Friday, 8 March 2013

The fear of flying

A man afraid of flying
Fear (Photo: The Guardian)
Everyone has a fear. Some have many. Be it death or spiders there is always something that makes our skin crawl. Something that makes our pulse race and our hands sweat. For one in ten of us, that fear is flying.

Statistically speaking, 26 people on board every typical easyJet flight from Britain to Spain will suffer some form of Aerophobia. This fear can range from slight nerves to total hysterical breakdown at the sight of an aircraft, but what is so scary about something that millions of us do everyday?

When you break down the phobia you begin to realise that it isn't actually that simple of a fear, in fact it may even be a multitude of many fears. You're either scared of Spiders or you're not. Aerophobia is different. For some, the simple fear of crashing is too difficult to overcome; for others, the idea of not being in control is unbearable and there are plenty of people who simply hate being in a confined space.

Aviation has increasingly reduced the relative size of our planet throughout the decades, and small businesses have grown into global corporations as a result. Flying has become more accessible (and perhaps more necessary) to the masses and having a fear of it can represent a significant struggle for an individual. I once met a woman whose sole ambition was to fly to the states to visit family she hadn't seen for decades - she'll be on her third attempt to board an aircraft this year. Aerophobia can have a crippling impact on peoples lives and it can be a daily struggle despite common perceptions. I believe that everyone should be able to experience and enjoy the thrill of flying and the benefits it can bring.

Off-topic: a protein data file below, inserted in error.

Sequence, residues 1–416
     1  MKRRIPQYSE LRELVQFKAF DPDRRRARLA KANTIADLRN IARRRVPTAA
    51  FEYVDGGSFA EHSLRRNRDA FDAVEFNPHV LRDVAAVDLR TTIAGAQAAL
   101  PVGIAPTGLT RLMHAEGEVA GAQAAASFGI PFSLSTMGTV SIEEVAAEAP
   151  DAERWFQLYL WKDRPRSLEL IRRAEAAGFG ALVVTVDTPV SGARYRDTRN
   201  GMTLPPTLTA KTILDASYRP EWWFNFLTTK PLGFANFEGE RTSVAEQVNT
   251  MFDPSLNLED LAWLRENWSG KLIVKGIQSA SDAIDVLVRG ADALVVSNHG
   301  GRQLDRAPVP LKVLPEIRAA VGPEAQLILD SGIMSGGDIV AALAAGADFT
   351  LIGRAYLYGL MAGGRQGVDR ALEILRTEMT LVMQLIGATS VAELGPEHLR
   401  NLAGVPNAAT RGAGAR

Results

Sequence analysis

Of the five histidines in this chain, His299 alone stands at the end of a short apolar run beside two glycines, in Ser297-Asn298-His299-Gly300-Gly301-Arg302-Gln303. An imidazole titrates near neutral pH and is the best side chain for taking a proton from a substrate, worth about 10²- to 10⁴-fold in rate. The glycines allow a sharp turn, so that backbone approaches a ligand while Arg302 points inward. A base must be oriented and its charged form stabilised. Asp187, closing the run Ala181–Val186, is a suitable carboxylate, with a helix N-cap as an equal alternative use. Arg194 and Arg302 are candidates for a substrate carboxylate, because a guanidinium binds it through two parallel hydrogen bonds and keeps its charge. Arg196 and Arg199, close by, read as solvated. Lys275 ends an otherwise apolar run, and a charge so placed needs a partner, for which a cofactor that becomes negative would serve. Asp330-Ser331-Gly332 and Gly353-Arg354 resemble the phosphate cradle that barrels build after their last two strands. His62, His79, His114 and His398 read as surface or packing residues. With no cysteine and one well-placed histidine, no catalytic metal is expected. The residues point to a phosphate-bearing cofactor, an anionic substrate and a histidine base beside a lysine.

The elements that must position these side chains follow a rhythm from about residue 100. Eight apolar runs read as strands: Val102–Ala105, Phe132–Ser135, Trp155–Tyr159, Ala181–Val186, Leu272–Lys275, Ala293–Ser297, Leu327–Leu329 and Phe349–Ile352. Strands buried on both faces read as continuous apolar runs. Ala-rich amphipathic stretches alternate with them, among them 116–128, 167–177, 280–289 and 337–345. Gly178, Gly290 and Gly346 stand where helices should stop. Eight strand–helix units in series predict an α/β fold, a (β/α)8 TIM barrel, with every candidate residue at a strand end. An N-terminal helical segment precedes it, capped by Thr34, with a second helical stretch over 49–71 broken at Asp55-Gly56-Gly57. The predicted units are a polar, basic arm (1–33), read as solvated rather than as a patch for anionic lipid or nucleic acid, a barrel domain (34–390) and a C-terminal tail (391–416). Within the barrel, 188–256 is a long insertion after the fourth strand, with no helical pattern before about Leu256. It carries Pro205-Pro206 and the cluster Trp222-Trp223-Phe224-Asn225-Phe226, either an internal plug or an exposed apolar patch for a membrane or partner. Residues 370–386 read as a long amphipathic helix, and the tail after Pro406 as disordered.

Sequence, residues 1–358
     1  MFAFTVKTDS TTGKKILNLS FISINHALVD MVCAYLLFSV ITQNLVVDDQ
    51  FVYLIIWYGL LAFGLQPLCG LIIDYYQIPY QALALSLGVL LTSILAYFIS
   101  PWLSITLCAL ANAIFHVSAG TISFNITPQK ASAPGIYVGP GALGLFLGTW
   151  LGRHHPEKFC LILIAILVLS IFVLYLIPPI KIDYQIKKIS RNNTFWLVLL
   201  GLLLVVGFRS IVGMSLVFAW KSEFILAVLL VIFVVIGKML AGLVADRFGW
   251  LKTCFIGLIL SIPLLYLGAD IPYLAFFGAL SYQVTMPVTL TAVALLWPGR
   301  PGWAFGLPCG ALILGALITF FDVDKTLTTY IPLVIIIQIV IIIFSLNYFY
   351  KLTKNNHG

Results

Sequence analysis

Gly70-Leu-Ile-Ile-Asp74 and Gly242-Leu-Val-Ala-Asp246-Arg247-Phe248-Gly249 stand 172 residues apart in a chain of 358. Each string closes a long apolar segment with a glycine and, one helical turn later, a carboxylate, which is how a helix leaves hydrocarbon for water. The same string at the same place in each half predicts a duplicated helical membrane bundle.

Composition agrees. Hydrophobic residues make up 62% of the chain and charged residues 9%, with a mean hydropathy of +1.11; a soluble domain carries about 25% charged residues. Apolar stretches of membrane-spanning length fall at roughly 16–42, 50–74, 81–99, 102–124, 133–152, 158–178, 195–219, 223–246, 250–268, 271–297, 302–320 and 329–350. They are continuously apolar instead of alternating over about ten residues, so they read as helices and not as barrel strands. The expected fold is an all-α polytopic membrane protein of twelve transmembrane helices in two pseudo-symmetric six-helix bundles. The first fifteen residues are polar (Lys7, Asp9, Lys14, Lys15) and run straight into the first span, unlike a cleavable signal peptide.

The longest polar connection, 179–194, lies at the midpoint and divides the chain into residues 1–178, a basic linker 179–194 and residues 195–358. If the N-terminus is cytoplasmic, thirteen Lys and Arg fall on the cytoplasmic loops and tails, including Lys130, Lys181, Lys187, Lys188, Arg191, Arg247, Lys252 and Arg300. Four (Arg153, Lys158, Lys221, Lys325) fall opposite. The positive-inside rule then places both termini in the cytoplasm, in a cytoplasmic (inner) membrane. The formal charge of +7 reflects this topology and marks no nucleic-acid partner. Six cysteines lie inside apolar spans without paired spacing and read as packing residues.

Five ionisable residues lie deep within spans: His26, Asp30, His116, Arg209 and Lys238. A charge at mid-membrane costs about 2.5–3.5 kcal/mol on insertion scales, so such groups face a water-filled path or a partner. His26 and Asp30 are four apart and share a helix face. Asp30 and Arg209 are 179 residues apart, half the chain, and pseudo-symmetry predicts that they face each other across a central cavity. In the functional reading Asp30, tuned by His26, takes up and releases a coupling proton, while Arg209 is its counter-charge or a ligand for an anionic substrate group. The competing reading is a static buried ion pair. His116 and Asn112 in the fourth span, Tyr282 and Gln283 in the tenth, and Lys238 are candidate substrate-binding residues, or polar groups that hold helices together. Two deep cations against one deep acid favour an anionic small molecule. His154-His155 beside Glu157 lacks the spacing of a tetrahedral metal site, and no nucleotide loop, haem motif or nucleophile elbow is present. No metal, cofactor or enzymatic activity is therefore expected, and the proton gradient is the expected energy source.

There are many ways that sufferers can attempt to terminate their relationship with their fear of flying. Some are clearly more effective than others. One of my personal favourites is taking a 'fear of flying' course with an airline. Virgin have offered their version of the course 'Flying Without Fear' since 1997 and help around 3000 people a year overcome their fear. This course is a tailored group event in which Virgin staff, behavioral therapists and current Virgin Captains introduce themselves and brief the passengers for the day ahead. After various sessions on the ground featuring behaviour workshops, Flight crew Q&A sessions and regular coffee breaks the group head to an aircraft to take their short flight. The flight is a chance to 'update' your opinion on flying having taken the ground course and the average 'improvement rating' is said to be between 98% and 100%. The flight is fully narrated by a member of flight deck crew including all noises heard throughout the flight - a regular source of anxiety for some. Once safely back on 'terra firma' the group are fully de-briefed and leave (hopefully) fully fledged happy flyers. It is something like this that I would like to utilise the skills I've gained throughout my career doing.

I've long wanted to involve myself in fear of flying work and am thoroughly proud and privileged that I will be able to do so. My involvement on a personal level started with flying aboard airliners with my Dad. His fear has definitely subsided but I can still vividly remember being intrigued by his fear and questioning it's origins. Since the completion of my PPL I look forward to taking my involvement to the next level where I will take certain family and friends flying who are normally running to the bar before a flight. I find the realisation for another person that 'actually, there isn't anything to worry about at all' is wonderful and rewarding. I look forward to helping relieve the pressures that Aerophobia can bring to a person. I've often asked myself what 'good' a professional pilot can do at work. Among many answers I've managed to conjure up, curing someone who has a fear of flying is high on that list.

During my time as a voluntary information patron at Leeds Bradford Airport I was fortunate enough to speak to a nervous passenger and reassure them before boarding a flight. They shook my hand and breathed a sigh of relief as the left for their gate. I'm thrilled that even my knowledge now, that still has a long way to go, can help people and I look forward to the future. I of course understand that some people will simply never be able to overcome their fear. I also know that there are thousands out there whose fear can be beaten. I for one hope that I'll be playing a part in many of those victories against Aerophobia.

If you're scared of flying and are interested in the Virgin Flying without Fear course. Then see the website below.

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